SINGAPORE: There has been much discussion about the Grab and Uber merger and its implications for consumers, taxi operators such as Comfort, and relatively less discussion of the impact on Uber (and possibly Grab) drivers.
At the outset, it should be noted that comment on this makes the critical assumption that the merger will be approved by the Competition Commission.
Should regulators reject the merger, the following arguments will be moot.
There has been much talk about how the merger will affect innovation.
Let’s be clear though – the most impactful innovation in this space was the use of smartphones to offer ride- sharing services. It dramatically increased the transport options available to consumers and, in some instances, offered better prices, both of which led to higher consumer welfare.
Subsequently, the ride sharing companies formed a number of alliances with traditional transport providers (GrabTaxi, UberFLASH) which further improved consumer choices, and also introduced additional services such as food delivery, e-wallet (facilitating payments), and financial services (through alliances).
The drivers and other delivery partners (e.g. restaurants for UberEats) formed another key group of stakeholders that benefitted from the emergence of these services — they could utilise their time or assets (e.g. cars, motorcycles, bicycles or personal mobility devices or PMDs) to earn some extra income.
In other words, the shared ride companies offered business model innovation but other than the first big innovation, the rest were incremental additions to the first important idea.
MASSIVE DISCOUNTES WERE UNSUSTAINABLE
Before we discuss whether the merger will lead to higher or monopolistic prices, it may be useful to remember that the intense competition between Uber and Grab was akin to a land grab.
In their zeal to acquire a larger piece of the business, the companies were probably doing unsustainable levels of discounting and subsidising.
With or without the merger, the discounting was bound to stop at some point in time, probably as early as next year, because of Uber’s planned IPO. So it is likely that the only effect of the merger might be to advance the discontinuation of an unsustainable level of discounting and subsidising.
Even leaving the discontinuation of deep discounting aside, we should not be unduly alarmed about the loss of consumer welfare because of high prices for the simple reason that there is a cap on how much the “new Grab” can raise prices, especially in Singapore.
Singapore has a good public transport system and a taxi system that doesn’t charge high fares. Consumers will switch to these alternatives well before the “new Grab” starts charging monopolistic prices.
GRAB LIKELY TO CONTINUE TO INNOVATE
Let us now turn to how the merger will affect innovation and welfare for other stakeholders such as drivers and partners, such as restaurants. I believe that the impact will be much less than is commonly believed and am sceptical about the merger’s detrimental impact on “innovation”.
In fact, as noted above, it may be a stretch to call some of these product extensions as innovations and there are a good number of providers offering these “innovative” services.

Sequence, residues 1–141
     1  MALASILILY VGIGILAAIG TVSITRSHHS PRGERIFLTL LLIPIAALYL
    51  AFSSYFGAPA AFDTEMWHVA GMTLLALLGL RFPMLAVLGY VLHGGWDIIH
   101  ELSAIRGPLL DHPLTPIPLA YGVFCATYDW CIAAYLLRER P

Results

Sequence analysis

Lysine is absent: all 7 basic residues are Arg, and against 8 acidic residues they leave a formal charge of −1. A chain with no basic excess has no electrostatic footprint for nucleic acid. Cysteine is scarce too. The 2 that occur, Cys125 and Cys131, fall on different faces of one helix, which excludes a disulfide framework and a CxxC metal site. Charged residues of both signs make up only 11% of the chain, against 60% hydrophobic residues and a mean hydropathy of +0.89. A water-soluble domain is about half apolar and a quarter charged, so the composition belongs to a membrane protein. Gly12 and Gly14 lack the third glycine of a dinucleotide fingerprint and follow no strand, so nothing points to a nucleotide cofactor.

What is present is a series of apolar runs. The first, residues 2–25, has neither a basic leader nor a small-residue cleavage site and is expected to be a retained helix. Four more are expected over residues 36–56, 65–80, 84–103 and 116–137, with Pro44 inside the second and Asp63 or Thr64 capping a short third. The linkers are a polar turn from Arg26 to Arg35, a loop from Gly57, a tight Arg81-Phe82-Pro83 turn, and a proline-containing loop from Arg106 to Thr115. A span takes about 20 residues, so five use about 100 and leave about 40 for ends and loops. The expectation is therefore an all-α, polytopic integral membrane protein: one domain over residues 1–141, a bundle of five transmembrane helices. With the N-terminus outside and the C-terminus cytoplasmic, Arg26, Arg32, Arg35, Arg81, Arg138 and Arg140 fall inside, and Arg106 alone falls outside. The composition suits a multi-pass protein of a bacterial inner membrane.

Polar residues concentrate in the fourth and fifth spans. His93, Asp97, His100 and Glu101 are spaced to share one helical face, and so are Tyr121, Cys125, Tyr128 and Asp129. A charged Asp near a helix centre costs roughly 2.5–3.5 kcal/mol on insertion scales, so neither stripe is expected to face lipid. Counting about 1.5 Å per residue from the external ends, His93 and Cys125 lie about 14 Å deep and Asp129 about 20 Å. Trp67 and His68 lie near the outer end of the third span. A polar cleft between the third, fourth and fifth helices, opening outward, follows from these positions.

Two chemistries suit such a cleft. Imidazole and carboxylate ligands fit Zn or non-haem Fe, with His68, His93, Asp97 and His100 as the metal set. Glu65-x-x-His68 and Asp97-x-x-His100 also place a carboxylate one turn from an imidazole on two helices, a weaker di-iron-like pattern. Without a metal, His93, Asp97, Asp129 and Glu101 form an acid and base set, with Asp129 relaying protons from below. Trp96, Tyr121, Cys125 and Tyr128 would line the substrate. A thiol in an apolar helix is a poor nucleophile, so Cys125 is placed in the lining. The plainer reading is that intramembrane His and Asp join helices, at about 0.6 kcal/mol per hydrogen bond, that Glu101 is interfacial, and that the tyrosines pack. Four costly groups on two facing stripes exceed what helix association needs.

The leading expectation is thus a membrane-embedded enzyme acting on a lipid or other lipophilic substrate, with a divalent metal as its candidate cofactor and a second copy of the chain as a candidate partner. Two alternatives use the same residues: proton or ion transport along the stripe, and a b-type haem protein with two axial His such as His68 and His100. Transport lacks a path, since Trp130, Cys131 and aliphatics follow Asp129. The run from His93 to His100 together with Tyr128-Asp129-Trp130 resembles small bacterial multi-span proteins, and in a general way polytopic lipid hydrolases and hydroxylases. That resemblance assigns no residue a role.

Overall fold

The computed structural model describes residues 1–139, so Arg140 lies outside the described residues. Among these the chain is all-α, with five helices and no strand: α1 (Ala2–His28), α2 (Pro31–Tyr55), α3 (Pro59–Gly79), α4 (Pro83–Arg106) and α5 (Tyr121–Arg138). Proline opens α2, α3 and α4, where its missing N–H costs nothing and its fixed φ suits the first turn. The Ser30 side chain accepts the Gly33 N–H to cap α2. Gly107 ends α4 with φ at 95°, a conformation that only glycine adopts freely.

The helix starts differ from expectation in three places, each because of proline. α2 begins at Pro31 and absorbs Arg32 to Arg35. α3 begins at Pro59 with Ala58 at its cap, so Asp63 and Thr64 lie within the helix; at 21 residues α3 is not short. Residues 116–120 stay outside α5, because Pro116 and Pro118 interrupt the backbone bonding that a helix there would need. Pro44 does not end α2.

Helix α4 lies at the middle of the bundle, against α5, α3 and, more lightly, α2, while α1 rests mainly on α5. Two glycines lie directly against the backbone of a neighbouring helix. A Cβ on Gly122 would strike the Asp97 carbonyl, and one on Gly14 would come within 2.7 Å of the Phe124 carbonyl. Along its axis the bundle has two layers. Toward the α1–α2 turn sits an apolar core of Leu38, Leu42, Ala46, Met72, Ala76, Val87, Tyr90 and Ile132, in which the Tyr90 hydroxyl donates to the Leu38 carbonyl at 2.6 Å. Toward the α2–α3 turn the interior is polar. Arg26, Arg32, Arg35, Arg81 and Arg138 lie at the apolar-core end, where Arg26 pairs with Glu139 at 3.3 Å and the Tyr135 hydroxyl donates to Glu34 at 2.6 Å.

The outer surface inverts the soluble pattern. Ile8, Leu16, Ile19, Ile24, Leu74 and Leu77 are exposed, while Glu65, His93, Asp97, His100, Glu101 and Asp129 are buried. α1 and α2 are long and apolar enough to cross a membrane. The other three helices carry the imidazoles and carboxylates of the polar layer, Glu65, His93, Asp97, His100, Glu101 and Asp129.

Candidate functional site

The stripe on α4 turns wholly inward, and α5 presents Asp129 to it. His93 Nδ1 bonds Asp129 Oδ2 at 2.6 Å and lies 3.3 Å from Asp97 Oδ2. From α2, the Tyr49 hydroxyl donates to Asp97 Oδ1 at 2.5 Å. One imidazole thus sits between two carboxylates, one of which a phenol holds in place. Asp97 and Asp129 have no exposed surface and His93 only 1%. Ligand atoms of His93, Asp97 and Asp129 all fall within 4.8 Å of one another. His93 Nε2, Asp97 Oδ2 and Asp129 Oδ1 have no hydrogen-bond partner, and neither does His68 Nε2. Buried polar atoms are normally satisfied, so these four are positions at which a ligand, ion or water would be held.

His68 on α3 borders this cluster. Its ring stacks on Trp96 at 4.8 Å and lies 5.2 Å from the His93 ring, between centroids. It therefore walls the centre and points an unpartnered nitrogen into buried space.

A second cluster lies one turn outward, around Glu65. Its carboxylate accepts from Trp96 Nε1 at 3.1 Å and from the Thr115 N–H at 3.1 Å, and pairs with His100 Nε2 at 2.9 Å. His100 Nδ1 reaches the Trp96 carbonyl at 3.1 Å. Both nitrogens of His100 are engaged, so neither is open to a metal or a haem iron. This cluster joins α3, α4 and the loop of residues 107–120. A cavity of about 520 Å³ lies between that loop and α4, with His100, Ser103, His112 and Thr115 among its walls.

For instance, e-wallet services are being offered by many players, including SingTel. In services such as food delivery, there are several delivery options, besides the shared ride service providers, making the impact of the merger even less.
Given the low barriers to entry in this business and the low switching costs for consumers, more entrants may enter in the future as well, leveraging on the existing delivery network – a ready supply of cyclists, motorcyclists and PMD owners.
On Wednesday (Mar 28), homegrown carpooling app Ryde announced it would be launching RydeX, its new private-hire car service, as part of its growth expansion strategy.
Even after the merger, Grab will continue to innovate. Its competition with Uber was only one of the reasons for trying new strategies and offering new services.
Other reasons include enhancing its profit streams by leveraging its consumer base to sell multiple services (e.g. GrabPay to customers or insurance to Grab drivers) and leveraging its skills in technology (e.g. matching riders and drivers). Both these motivations will remain powerful, post-merger.
DRIVERS MAY LOSE OUT
Drivers may be one key group who may lose out because of the merger. The “new Grab” may need fewer drivers. The intense competition between the two providers lowered the prices of their services and increased demand.
When prices become higher (they could have headed higher even without the merger), the demand might fall.
This is very much a part of the dynamics of competition. Entrants are attracted by the possibility of making profits, leading to excess supply and shakeout before a market discovers its equilibrium.
The Grab-Uber merger should therefore be seen from a dispassionate perspective.
Most analysts and observers overestimate the extent of innovation happening in this space and incorrectly label product extensions as innovations. It is also incorrect to assume that whatever is happening today (e.g. discounting) would continue indefinitely, without the merger.
As a believer in free choice and markets, I have few concerns about the merger. In a free market system, there is no reason why any party (including governments) should stop Uber from selling its Southeast Asian business if it chooses to do so.
The argument that it would lead to monopolistic prices is flawed.
Nitin Pangarkar is Associate Professor in the Department of Strategy and Policy at the National University of Singapore (NUS) Business School.